Innovative work (because it is new and not yet understood by many people) is more likely to get bad reviews than routine research whose basis is widely accepted; thus there is a strong bias in the "selection" process against innovative research.

Relying on this system, as presently applied, also has administrative consequences that go beyond the enormous time it takes to prepare a grant application. Collaborators must write endless letters of support, committee members must be found, and mountains of paper must be reviewed. Reports from the front lines describe a process that is full of vagaries, inconsistencies, and bias. While some perhaps more cynical scholars might suggest the grant process at present is designed to keep academics in line, tethered to their computers and departments, it is more likely that administrative inertia and aggrandizement has set in. Either way, at present, researchers are being asked to spend too much time begging for money and not enough time doing research. Research productivity could rise significantly if the requirements to write grant applications were reformed. This could in turn renew Canadian excellence and innovation and allow scholars to focus on research, not grantsmanship.

Perhaps the most pressing issue from a research integrity point of view is that the present system seems to deny that doubt permeates all science. Granting councils appear to believe the peer review process cannot ever be wrong, nor even briefly mistaken. Appeals are few and nearly impossible to win. Whatever the good intentions of those who serve the existing model, Canadian taxpayers currently fund competitions through the Social Sciences and Humanities Research Council Canada (SSHRC), for example, that provide no explanation for the scores on an application and no justification for a rejection that can significantly harm an applicant's academic career. A system based on denying basic accountability to applicants, taxpayers, or the federal court itself cannot foster innovation or promote transparent scholarly research.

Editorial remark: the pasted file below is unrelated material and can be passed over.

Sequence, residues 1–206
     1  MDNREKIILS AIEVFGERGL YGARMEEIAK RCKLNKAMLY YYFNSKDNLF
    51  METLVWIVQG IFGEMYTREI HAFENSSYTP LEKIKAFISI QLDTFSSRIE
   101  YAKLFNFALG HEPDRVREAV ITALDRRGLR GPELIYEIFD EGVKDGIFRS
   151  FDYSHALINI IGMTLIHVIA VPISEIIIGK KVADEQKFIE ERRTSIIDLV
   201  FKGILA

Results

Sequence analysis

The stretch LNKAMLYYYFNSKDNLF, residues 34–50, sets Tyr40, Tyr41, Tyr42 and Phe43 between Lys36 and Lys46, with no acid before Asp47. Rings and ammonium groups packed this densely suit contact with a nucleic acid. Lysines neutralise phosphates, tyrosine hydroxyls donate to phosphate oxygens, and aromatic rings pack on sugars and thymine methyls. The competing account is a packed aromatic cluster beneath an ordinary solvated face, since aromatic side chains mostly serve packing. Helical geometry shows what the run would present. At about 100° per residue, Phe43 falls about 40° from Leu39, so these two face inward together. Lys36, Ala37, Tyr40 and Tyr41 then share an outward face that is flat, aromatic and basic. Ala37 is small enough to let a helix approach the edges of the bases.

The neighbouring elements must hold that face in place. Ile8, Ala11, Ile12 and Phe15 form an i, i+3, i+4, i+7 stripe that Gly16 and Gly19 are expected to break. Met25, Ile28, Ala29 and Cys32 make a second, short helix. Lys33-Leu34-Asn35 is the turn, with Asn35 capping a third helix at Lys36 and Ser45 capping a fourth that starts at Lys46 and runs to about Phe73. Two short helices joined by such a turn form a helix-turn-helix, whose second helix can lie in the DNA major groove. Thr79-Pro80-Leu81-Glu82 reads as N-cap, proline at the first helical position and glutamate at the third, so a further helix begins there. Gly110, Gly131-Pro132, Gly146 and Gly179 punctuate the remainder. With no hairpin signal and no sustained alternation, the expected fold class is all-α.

At issue is how this arrogance feeds into the widespread war on science, logic, and reason. There is a growing sense that scientists too often focus on profitable book and industry deals and television shows over the slow and less glamorous accretion of empirical evidence and explanations that help society better understand the world. It is no wonder people are skeptical when those who profess expertise fail to explicitly acknowledge limitations that are part of all research. In Canada, the Tri-Councils (SSHRC, NSERC and CIHR) are feeding the myth of the academic superstar, instead of funding diverse research. The result has led to an "internal Canadian brain drain" in which:

... disenfranchised researchers [are] lost to the research enterprise and continue to be paid by their universities for work the present system prevents them from doing -- a two-fold waste of taxpayers' dollars... thousands of good heads across Canada who cannot deliver the goods.

So, what can be done? In the final part of this series we will turn our attention to some reform options.